US stocks were mostly higher on Friday, powered by gains in Amazon and Nike, while investors shrugged off fears of a looming US government shutdown.
Amazon rose 1.3 per cent after it raised the monthly fee for its Amazon Prime service, while Nike was up 2.0 per cent after Wedbush analysts upgraded the stock to “outperform”, reports Reuters.
Lawmakers are racing against a midnight deadline to pass a bill to fund government operations through to Feb. 16 and avoid federal agency shutdowns this weekend.
The bill has yet to be approved by the Senate, where it faces an uncertain future.
Equity investors have taken such incidents in stride, and their reactions have been largely muted during the past three shutdowns.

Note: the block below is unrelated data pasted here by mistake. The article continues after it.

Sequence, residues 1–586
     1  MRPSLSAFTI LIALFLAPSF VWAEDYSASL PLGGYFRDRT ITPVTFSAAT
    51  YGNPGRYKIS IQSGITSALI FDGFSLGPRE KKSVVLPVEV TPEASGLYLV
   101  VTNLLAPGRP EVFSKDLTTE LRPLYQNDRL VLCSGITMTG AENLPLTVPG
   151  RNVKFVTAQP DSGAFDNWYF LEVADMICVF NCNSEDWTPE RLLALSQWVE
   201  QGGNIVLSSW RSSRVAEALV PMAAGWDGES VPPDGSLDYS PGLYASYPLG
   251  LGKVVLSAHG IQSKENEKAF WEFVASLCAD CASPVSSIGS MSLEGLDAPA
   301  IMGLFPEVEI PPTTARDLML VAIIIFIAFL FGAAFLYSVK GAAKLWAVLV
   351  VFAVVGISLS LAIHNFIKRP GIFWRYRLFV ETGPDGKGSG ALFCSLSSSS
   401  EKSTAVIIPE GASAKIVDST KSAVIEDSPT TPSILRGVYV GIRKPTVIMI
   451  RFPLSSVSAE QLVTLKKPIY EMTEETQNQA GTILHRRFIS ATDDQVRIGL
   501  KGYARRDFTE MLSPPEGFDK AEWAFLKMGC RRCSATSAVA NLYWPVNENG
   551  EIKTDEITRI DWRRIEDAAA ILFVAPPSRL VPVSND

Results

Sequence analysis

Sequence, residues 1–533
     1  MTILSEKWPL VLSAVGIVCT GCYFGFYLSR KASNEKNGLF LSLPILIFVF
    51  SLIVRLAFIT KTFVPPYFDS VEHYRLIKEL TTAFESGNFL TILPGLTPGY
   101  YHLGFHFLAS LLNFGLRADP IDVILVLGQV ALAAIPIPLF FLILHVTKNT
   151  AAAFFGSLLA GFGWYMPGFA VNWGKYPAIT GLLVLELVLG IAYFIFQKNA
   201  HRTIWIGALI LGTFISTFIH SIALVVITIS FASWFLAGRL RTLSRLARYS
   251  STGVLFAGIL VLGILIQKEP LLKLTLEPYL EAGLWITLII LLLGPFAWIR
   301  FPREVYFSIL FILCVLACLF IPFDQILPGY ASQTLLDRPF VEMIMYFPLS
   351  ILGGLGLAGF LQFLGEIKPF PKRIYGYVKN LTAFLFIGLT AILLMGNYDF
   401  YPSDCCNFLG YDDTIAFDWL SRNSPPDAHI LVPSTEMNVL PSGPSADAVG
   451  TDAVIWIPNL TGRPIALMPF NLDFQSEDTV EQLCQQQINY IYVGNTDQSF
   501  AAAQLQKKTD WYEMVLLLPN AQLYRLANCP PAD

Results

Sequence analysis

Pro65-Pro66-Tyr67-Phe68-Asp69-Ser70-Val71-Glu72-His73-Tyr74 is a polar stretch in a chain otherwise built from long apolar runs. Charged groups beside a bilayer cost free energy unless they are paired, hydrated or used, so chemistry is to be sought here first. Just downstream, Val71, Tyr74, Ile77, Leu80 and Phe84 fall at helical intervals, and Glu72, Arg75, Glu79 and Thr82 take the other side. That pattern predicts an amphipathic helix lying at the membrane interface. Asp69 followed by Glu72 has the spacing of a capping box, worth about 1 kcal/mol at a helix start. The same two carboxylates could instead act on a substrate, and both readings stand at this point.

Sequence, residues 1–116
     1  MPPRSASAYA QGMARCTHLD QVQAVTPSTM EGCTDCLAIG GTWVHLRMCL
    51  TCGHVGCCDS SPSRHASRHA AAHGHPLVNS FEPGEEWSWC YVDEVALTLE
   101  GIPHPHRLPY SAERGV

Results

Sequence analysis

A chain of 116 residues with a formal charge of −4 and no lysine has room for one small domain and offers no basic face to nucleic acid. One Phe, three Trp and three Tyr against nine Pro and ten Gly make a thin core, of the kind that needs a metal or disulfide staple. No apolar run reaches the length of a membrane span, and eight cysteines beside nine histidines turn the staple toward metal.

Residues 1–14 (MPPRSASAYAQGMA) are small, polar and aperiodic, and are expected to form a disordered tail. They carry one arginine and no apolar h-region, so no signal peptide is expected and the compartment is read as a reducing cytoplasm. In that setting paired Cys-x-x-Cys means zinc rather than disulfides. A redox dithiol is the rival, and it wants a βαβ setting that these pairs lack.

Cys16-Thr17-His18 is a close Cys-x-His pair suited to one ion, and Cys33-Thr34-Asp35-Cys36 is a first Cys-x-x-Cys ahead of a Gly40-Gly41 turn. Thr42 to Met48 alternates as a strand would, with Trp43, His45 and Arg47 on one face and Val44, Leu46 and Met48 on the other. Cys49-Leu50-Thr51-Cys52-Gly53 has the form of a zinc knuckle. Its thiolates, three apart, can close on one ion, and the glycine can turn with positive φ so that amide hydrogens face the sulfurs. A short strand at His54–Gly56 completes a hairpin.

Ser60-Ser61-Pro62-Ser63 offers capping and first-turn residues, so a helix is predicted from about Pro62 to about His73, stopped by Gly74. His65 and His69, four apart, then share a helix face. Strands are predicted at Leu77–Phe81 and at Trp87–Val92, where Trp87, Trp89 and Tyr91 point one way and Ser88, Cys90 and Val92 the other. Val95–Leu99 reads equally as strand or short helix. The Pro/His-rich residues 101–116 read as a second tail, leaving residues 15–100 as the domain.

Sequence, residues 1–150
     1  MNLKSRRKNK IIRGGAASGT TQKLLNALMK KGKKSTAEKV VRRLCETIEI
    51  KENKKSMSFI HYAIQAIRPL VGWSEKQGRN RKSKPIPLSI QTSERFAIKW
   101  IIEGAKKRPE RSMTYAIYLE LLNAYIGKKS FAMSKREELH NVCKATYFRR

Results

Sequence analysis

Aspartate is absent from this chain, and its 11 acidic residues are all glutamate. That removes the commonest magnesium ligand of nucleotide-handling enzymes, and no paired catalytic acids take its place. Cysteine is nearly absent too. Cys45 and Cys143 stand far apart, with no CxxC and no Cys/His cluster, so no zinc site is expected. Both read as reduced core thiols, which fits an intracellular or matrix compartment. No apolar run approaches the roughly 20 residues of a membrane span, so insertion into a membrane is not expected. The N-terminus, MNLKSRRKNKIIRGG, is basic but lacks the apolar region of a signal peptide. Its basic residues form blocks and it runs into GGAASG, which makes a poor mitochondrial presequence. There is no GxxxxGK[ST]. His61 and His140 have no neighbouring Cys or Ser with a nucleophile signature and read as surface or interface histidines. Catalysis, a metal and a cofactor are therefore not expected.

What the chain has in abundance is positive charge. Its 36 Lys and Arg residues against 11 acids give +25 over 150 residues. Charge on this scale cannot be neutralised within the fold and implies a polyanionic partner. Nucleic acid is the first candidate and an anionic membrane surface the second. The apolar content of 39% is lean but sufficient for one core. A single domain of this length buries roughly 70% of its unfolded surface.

At 9:42 am ET (1442 GMT), the S&P 500 was up 7.73 points, or 0.28 per cent, at 2,805.76 and the Nasdaq Composite was up 27.00 points, or 0.37 per cent, at 7,323.04.
The Dow Jones Industrial Average was up 13.87 points, or 0.05 per cent, at 26,031.68. The two biggest drags on the blue-chip index were IBM and American Express.
Oil prices fell more than half a per cent on Friday as a bounce-back in US production outweighed ongoing declines in crude inventories.
Square jumped 4.7 per cent after brokerage Instinet hiked its price target on the stock by $16 to $64, saying 2018 will be a “phenomenal year” due to positive growth in gross payment value.
Advancing issues outnumbered decliners on the NYSE by 1,423 to 1,122. On the Nasdaq, 1,397 issues rose and 1,063 fell.